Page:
Card Sorts

A card sort is a method to understand how people categorize and label information.  I may have my own way to organize information for a Web site, but with enough participation, it becomes readily apparent what something should be called and what group it should belong to.  We’ve conducted a handful of card sorts this year, and all have provided excellent data to guide our design decisions.  We even had one online card sort with over 150 participants, most of whom were students!  Hooray!


Many Blackboard employees previously worked in the teaching and learning communities we service: K-12, higher education, and commercial, government and international customers.  Although we think we know our customers pretty well, we cannot make design decisions without having an explicit summary representation of the product’s (or a specific feature’s) intended users.

Personas are a popular way for design teams to describe real-world users of the system.  Since major league baseball has just begun a new season, think of personas as baseball trading cards.  A baseball trading card includes the player’s picture, vital statistics and some background information.  A well-constructed persona will provide true value by painting an accurate representation of different user types.  This way no one on the development team can say "I think our users would want this" without substantiation.  Instead, a good persona is created to validate the goal of any design.

We think we’ve done a good job identifying our users, but we understand that every person is unique and their use of Blackboard’s products varies.  Therefore, we are always striving to rework and revise our personas.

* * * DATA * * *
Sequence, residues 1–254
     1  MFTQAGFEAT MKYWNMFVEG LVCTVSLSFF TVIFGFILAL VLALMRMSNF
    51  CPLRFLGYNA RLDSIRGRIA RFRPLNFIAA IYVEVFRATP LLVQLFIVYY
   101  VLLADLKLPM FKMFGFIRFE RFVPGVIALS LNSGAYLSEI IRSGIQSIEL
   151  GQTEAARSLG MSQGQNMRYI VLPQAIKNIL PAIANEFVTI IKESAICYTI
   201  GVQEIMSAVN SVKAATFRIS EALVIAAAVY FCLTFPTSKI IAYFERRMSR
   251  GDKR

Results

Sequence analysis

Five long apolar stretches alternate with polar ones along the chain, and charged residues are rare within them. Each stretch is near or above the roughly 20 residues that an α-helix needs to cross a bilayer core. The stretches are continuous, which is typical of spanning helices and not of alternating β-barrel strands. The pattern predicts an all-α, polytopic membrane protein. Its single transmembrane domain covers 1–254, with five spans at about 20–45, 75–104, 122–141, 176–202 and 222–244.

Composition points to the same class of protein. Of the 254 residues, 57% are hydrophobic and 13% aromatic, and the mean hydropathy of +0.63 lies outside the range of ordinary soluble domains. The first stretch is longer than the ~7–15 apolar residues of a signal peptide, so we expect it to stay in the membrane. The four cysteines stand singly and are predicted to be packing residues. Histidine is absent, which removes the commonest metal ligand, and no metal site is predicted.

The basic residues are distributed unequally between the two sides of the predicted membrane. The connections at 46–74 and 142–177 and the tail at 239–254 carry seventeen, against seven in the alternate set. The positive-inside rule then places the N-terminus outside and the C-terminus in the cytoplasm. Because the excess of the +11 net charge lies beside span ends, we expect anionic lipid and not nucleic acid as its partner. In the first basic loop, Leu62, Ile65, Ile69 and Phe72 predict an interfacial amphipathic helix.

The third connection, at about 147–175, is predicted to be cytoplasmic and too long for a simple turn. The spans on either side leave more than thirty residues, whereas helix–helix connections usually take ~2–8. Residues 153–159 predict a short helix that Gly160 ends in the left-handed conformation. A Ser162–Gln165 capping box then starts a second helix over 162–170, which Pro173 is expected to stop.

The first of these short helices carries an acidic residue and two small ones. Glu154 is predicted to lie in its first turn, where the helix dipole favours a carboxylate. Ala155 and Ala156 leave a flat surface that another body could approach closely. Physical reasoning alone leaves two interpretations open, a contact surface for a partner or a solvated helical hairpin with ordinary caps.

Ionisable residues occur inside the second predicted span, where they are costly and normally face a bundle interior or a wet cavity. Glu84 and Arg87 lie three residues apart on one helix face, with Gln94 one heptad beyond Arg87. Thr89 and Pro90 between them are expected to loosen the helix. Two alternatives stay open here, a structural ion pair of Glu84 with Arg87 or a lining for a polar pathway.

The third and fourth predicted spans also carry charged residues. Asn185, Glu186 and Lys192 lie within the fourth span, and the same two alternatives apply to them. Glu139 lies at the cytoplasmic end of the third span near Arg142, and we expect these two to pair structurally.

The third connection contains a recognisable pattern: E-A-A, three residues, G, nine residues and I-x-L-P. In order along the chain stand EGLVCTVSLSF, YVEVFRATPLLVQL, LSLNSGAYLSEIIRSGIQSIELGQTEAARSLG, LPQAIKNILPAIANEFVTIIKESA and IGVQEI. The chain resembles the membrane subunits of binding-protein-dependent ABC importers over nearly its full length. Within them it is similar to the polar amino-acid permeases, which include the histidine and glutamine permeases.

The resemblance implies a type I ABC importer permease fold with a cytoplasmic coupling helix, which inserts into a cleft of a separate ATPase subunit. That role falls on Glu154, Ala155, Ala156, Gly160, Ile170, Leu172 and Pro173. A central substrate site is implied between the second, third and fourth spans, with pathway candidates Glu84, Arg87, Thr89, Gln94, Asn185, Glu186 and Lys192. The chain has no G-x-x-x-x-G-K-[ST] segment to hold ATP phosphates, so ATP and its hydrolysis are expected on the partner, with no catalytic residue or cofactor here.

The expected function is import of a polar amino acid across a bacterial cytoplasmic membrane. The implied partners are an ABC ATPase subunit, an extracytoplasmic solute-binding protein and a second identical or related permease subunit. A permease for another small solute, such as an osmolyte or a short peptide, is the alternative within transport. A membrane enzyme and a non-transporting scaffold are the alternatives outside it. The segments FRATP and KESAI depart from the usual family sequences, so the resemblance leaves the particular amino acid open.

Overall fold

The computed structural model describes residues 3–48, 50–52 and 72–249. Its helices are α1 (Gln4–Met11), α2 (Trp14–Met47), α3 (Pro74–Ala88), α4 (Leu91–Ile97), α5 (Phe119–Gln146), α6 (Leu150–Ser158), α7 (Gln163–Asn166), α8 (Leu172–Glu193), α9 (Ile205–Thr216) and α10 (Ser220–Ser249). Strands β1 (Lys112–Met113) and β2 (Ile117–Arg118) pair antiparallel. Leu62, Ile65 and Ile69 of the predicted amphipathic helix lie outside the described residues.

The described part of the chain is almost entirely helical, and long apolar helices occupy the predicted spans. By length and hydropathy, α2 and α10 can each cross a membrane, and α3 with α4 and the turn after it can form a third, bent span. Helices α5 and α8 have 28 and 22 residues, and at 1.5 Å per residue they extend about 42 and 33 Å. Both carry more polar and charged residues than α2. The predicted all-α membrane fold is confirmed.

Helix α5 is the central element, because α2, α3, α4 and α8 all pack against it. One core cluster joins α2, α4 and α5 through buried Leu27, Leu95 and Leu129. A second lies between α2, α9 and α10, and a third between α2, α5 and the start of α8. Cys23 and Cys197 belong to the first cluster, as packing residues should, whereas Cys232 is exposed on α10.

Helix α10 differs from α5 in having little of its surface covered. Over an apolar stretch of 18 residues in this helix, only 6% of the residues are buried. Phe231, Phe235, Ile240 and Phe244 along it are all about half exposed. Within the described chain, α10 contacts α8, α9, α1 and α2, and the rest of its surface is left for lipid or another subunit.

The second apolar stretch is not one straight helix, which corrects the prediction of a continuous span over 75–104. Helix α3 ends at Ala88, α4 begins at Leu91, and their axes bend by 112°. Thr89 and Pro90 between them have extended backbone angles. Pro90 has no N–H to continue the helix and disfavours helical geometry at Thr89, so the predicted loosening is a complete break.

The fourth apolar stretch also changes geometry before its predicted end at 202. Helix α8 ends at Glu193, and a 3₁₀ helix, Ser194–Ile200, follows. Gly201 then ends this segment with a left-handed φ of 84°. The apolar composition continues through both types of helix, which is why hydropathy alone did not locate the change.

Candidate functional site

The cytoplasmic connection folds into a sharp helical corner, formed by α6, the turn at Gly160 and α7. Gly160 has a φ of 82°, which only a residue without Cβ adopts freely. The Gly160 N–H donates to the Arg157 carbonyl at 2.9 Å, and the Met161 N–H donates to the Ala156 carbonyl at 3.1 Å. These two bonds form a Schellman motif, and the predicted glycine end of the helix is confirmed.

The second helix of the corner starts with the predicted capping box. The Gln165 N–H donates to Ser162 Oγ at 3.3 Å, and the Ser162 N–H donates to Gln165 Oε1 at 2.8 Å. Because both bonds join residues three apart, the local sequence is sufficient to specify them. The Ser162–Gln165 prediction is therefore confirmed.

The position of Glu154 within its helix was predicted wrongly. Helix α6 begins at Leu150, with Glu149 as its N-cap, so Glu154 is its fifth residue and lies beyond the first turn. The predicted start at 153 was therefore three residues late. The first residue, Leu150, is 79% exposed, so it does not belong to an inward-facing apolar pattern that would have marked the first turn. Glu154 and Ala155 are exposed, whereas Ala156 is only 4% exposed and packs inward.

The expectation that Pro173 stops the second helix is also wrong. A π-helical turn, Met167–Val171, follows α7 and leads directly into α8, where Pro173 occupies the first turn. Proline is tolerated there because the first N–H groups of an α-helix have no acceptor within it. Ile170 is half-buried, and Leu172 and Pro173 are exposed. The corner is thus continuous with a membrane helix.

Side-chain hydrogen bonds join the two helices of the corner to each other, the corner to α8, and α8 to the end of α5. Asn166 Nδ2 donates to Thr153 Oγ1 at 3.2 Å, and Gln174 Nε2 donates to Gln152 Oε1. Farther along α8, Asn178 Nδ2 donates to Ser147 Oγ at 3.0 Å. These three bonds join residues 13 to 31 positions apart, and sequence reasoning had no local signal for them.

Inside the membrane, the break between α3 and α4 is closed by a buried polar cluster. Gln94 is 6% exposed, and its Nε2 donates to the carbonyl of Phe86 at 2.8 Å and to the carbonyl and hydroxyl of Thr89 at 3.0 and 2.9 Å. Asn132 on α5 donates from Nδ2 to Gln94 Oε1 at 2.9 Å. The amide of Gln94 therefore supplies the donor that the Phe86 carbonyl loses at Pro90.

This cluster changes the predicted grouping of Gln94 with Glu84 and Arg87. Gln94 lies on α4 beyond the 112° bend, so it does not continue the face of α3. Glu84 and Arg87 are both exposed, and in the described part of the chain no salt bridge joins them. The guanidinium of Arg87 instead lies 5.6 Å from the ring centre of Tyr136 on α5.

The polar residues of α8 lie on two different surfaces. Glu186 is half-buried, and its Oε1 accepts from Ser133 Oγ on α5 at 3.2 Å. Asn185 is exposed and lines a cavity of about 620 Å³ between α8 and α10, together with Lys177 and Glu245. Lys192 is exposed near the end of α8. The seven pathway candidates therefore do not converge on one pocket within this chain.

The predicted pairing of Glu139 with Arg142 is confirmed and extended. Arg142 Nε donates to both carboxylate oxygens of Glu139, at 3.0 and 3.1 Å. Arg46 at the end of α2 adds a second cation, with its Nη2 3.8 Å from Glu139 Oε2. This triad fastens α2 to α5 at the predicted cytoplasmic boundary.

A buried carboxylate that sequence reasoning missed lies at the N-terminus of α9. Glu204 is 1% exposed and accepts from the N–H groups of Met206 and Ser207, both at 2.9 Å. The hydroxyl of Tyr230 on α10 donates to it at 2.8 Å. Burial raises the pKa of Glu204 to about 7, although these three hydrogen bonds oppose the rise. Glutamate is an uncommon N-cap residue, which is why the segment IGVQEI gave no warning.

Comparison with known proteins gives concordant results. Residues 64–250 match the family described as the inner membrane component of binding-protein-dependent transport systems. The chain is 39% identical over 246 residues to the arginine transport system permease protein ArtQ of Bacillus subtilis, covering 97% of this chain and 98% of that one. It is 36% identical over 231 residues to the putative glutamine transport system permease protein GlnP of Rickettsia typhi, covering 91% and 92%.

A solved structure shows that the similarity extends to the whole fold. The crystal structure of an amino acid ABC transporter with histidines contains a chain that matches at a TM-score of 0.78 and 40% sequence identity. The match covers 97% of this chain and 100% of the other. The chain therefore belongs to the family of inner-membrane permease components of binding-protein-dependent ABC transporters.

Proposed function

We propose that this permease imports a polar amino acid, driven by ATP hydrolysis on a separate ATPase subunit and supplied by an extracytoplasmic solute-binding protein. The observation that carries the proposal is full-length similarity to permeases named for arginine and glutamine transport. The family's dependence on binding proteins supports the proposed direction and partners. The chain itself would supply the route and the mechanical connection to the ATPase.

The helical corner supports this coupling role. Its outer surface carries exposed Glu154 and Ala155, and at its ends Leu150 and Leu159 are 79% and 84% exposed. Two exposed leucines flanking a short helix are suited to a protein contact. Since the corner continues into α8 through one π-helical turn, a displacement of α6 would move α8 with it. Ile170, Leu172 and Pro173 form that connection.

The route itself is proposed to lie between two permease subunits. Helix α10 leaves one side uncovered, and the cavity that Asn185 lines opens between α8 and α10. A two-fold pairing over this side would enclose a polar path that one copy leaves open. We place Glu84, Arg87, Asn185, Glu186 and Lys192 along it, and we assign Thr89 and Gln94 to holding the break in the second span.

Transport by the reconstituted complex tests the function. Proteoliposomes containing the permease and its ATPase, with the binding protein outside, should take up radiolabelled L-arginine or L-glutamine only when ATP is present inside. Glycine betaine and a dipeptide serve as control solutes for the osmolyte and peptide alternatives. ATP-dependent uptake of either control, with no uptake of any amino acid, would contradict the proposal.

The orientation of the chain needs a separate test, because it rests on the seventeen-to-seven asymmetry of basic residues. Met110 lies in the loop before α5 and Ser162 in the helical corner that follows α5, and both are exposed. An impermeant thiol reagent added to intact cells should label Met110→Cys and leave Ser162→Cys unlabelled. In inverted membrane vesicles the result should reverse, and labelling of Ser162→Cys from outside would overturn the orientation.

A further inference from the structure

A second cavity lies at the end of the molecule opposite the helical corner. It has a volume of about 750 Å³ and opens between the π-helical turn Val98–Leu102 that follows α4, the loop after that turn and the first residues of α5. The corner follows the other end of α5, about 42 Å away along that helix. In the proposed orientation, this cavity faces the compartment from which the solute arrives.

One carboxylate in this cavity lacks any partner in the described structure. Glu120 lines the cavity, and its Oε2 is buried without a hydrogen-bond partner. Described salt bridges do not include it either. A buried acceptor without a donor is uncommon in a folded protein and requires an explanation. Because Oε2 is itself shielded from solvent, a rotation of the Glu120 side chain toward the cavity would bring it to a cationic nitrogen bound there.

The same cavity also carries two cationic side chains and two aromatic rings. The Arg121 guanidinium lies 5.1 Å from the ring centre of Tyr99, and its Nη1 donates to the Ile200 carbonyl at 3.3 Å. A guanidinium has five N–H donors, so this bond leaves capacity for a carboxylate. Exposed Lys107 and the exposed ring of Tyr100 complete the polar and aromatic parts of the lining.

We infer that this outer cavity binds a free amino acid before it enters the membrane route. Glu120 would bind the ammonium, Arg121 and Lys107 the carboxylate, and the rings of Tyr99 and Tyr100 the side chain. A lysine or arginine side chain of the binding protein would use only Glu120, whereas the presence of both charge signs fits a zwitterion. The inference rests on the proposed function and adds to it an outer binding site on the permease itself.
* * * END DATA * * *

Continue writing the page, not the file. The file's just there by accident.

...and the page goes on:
One of the things I like best about working at Blackboard is how efficiently our Product Development teams work together.  One way this comes together nicely is with prototypes.  When our Product Development team determines and defines what it will build, our User Interface team works to put together high-fidelity prototypes.  These prototypes serve three purposes:

  1. They show early representations of what the final design might look like.  This gives the team a focal point to understand the good, the bad and the ugly.  We don’t always get it right the first time, but an early prototype allows us to make changes.
  2. We use prototypes for user testing.  We may not have a real system to test, but we can provide users with a representative example to get their feedback on the ideas we have about product design and behavior.
  3. Our prototypes can often be turned right over to engineers so they can turn our design decisions into reality.

What You Can Do

We want you to be influential.  You can make a difference by helping us achieve our goal of creating products that are accessible, credible, desirable, findable, usable, useful and valuable.  If you have any interest in participating in future usability tests, we’d like to hear from you.  And if you are a faculty member or student, we really want to hear from you.

To find out more about participating in Blackboard’s User-Centered Design process, please read more about becoming a part of the Blackboard Idea Exchange (BIE) or contact us directly at

Related Posts

Share This Article

Twitter Facebook LinkedIn Pinterest Email